Good morning.  My name is Alan Wolff, Deputy Director General of the WTO.  It is my pleasant task to welcome all of you to Geneva and to the WTO this morning.

The WTO is very pleased to host the International Forum on Food Safety and Trade here at the WTO, with the invaluable support of FAO and WHO.

Food-borne diseases have an important impact on public health. National authorities are the first defense against the spread of disease.  Clearly, all governments at every level have a strong desire to assure that food sourced domestically as well as imported is safe to consume.  All authorities need functioning food control systems to ensure that imported food is safe; consumers need to be able to trust that it complies with the same food safety requirements as domestically-produced food. On the other hand, exporters need to comply with importing countries' food safety requirements. Tariffs are seen often as a primary barrier to trade.  However, the way in which standards are applied to imports can block trade in a food product entirely.  For this reason, a lack of capacity to meet food safety requirements can be a key barrier to participation in international trade, especially for exporters in developing countries, and more generally for MSMEs.

The importance of the interlinkages between trade and food safety requirements was recognised by WTO Members when they negotiated the SPS Agreement, now agreed to by all 164 Members of the WTO and covering 98% of world trade. By requiring that food safety requirements be based on science the SPS Agreement has made an important contribution to protecting public health while at the same time minimizing unnecessary obstacles to trade.  Without the free movement of safe food, populations that suffer a deficit in production, especially in an era of increasing variability of weather patterns, would see their people go hungry.  In less dire circumstances, inability of any producers to meet food standards deprive farmers of income and consumers of choice.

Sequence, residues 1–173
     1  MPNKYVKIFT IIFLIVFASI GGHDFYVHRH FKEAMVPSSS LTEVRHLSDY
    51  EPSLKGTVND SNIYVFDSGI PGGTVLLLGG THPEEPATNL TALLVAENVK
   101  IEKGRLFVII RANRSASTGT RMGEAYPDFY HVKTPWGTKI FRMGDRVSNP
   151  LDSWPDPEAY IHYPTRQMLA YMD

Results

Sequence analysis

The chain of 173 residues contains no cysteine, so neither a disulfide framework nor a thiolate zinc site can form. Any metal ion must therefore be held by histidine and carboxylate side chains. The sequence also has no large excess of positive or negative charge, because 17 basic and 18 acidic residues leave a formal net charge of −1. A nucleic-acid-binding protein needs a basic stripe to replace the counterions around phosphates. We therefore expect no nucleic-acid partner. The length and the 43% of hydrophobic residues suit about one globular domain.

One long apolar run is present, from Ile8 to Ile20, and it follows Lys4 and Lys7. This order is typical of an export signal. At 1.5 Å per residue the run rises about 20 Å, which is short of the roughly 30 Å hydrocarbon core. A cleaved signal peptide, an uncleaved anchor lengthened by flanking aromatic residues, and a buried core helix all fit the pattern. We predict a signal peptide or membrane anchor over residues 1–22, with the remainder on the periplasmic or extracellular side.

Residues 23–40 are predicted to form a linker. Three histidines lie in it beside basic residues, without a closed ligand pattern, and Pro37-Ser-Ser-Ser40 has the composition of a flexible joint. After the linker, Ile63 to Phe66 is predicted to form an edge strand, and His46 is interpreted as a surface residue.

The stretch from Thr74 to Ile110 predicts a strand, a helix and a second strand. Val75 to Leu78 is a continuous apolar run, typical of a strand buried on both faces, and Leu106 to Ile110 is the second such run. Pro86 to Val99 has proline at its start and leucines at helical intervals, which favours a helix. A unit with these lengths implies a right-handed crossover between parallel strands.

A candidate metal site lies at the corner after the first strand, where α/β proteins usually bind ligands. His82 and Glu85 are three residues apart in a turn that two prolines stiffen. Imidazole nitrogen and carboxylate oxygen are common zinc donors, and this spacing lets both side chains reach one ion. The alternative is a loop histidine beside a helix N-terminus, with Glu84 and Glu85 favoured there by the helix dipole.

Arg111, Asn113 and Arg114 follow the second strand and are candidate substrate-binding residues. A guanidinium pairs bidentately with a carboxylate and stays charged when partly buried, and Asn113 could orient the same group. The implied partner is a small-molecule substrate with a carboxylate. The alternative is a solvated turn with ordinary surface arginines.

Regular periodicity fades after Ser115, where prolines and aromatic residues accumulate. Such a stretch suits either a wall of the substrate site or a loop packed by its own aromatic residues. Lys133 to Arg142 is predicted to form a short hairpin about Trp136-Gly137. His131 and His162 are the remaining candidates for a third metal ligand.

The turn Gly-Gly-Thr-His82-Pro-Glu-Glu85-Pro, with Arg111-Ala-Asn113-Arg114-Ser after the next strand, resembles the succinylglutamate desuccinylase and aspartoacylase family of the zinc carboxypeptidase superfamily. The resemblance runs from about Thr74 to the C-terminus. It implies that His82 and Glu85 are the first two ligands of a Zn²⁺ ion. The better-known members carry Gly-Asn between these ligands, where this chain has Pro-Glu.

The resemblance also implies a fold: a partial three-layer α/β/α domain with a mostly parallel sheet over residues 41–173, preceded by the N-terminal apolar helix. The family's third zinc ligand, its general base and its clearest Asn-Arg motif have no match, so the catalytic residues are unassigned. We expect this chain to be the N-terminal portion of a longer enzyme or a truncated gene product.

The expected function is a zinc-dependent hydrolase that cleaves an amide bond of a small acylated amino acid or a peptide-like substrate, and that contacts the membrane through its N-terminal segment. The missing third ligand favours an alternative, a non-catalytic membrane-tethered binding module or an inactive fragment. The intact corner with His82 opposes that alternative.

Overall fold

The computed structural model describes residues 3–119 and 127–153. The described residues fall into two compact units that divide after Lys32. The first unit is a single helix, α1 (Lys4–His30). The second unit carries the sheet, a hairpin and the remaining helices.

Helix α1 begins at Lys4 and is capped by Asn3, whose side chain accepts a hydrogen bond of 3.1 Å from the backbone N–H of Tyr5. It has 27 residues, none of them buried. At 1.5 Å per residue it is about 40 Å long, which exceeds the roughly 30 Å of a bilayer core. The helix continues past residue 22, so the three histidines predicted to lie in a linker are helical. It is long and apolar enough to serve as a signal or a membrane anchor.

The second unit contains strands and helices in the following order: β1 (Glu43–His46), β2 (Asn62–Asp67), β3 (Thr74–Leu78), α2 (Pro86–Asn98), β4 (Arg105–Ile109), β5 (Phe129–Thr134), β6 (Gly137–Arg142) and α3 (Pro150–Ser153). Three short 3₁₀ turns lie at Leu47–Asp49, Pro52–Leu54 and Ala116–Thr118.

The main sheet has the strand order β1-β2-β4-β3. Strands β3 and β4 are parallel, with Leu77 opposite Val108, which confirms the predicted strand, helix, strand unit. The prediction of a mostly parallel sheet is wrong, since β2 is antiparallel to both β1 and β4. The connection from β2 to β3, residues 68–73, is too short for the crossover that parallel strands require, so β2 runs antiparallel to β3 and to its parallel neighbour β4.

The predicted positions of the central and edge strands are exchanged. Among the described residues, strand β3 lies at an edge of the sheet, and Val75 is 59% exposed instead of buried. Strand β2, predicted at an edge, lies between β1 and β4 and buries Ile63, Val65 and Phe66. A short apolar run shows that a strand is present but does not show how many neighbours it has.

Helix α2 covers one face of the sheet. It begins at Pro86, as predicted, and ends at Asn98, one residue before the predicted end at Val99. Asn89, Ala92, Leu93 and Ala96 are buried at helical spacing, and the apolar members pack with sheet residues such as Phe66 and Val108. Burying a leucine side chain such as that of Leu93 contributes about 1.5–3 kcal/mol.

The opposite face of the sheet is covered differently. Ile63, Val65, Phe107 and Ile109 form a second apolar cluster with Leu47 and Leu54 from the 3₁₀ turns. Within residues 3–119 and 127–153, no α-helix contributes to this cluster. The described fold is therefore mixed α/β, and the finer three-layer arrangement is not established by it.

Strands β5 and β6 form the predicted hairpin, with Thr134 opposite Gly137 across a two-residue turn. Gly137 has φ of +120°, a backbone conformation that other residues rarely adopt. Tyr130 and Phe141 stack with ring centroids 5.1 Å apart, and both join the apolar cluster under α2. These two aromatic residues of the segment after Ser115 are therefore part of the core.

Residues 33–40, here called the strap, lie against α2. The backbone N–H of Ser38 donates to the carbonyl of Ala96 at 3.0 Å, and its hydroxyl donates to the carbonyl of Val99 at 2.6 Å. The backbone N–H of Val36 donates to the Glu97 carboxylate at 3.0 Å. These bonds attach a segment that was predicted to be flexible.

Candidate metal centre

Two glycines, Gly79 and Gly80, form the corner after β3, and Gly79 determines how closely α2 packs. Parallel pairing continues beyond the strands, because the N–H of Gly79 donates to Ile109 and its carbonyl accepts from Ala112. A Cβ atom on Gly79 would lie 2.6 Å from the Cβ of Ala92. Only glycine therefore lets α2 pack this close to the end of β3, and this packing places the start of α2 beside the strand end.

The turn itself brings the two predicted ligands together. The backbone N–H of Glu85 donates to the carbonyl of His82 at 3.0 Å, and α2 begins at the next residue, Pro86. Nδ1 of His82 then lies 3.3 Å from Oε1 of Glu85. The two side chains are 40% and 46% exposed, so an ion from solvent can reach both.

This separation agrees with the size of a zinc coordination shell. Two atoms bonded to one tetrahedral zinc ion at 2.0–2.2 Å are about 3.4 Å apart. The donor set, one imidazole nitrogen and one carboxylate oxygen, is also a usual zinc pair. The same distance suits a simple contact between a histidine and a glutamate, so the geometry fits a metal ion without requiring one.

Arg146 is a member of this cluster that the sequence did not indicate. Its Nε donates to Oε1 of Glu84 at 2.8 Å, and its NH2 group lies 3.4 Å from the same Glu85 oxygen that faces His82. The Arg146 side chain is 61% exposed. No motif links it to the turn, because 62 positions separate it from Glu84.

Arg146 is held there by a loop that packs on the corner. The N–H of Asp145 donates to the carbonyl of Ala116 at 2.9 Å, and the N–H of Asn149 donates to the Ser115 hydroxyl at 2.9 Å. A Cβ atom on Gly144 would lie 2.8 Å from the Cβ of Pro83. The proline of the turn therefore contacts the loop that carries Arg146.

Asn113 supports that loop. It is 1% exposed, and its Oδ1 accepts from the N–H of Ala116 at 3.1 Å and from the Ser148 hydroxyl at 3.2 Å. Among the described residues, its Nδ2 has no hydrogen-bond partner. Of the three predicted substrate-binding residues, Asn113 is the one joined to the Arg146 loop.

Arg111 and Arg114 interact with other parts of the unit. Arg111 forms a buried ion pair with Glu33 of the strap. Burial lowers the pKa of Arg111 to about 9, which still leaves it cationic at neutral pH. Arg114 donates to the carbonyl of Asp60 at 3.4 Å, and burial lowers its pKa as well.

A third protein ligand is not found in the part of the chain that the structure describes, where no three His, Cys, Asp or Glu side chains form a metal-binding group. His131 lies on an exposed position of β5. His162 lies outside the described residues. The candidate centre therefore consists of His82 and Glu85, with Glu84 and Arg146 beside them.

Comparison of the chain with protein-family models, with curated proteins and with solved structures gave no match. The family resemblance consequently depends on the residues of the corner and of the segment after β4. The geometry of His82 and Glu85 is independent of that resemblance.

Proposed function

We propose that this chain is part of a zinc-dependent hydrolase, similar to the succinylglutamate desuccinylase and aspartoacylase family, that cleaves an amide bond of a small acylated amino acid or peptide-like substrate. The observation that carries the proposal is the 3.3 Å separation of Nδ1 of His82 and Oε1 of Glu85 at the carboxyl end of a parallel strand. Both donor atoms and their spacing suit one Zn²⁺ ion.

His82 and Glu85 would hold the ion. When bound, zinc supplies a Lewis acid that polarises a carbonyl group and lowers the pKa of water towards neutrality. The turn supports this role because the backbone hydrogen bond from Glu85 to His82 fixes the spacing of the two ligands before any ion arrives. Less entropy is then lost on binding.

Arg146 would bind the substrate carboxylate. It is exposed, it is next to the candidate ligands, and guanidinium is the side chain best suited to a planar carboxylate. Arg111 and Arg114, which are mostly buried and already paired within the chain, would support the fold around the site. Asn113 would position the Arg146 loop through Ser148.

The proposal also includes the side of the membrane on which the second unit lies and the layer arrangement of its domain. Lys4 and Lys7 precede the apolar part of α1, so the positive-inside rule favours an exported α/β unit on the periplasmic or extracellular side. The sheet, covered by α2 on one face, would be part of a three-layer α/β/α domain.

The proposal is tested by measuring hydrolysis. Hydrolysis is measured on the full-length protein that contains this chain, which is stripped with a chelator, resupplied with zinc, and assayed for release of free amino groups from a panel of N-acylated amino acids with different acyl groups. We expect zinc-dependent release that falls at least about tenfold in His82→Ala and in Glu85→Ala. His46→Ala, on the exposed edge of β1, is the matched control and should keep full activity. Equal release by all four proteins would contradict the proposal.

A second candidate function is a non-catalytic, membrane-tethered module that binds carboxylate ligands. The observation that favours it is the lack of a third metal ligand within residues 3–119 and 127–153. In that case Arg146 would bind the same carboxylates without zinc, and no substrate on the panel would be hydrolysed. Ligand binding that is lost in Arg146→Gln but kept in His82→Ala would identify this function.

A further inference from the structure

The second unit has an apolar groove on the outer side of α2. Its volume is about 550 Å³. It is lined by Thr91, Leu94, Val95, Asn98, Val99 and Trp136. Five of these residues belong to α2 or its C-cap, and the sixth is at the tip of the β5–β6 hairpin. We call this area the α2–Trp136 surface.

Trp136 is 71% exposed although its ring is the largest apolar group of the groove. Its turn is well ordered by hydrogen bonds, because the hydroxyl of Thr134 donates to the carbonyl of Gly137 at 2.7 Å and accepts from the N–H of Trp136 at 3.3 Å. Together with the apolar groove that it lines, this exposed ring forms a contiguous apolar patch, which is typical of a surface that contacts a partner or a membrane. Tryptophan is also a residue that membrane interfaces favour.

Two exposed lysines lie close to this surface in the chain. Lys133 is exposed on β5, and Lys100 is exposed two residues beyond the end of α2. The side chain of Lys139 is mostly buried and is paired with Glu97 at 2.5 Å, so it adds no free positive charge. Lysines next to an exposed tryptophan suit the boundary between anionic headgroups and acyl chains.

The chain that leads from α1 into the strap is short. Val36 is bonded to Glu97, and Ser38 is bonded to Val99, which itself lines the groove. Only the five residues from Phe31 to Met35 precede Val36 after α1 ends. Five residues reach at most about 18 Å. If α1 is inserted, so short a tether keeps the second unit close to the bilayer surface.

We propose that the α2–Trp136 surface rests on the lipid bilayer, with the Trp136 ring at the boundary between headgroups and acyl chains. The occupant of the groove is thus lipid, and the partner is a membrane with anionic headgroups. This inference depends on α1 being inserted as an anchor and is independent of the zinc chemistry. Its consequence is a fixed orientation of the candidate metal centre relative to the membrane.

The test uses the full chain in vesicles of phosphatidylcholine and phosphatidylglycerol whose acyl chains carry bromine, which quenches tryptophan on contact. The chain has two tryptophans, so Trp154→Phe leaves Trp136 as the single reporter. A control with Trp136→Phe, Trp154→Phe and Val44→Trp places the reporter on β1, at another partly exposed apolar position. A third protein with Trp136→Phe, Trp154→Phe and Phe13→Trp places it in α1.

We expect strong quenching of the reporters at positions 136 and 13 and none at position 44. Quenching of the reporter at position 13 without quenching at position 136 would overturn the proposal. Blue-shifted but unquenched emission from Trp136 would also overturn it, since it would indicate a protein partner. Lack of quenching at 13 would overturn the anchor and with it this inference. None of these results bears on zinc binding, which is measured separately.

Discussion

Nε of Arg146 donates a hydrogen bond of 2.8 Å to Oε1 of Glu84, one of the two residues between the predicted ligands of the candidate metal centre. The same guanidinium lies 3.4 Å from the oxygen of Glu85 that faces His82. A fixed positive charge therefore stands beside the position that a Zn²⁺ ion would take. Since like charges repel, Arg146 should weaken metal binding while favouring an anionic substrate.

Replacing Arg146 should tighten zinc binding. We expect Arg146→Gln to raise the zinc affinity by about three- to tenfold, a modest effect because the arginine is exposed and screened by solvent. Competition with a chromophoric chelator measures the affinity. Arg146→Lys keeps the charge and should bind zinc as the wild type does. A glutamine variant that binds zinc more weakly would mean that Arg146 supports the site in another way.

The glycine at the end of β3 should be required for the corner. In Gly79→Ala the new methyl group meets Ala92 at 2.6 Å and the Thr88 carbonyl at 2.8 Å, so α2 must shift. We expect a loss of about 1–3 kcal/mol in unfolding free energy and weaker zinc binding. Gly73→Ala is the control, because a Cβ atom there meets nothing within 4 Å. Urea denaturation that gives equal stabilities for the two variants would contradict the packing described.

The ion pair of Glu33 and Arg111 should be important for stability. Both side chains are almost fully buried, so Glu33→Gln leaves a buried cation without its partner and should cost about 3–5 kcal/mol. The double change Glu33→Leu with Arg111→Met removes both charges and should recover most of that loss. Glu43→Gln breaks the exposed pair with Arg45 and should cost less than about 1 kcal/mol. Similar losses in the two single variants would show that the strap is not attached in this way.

Helping to ensure that Members have the capacity to implement food safety measures at home and to comply with food safety requirements in their export markets is a key priority for the WTO. Aid for Trade is required to enable developing countries to take advantage of trade opportunities. The Enhanced Integrated Framework (EIF) as well as the Standards and Trade Development Facility (STDF) are examples of partnerships in which the WTO participates to build capacity in this area.  These are cooperative efforts in which a wide range of countries participate as donors and as recipients of assistance.

Thanks to STDF support, over 70 projects have helped farmers, processors, traders and governments boost their capacity to meet international food safety standards, protect consumer safety and gain improved access to global markets. Across Africa, Latin America and Southeast Asia, STDF projects have also helped farmers to use lower-risk pesticides on tropical crops, thereby meeting international food safety standards and facilitating safe trade. 

The importance of this work will only increase over time. Demand for food will increase as the world's population grows, consumption patterns and consumer preferences evolve, supply chains become more complex, and climate change leads to changes in growing conditions. In addition, technological change has an impact of food production, on the tools and solutions available for food safety, and on trade practices. This meeting will allow for a timely substantive exchange on these accelerating trends.

Under the overall umbrella theme "The Future of Food Safety", the First FAO/WHO/AU International Food Safety Conference took place in Addis Ababa in February this year. The first few sessions this morning will build on the discussions in Addis Ababa, in particular on the burden of foodborne diseases and the need for investment in improved food safety systems; and on food safety, healthy diets and trade.

I look forward to the discussions in these first sessions and tomorrow; and to the proceedings this afternoon, with the participation of the Directors-General of WTO, FAO, WHO and OIE, as well as to contributions from the African Union and from several ministers.

Now I will hand over to Dr Miyagishima, Director of Food Safety and Zoonoses at WHO, who will moderate the first session this morning.




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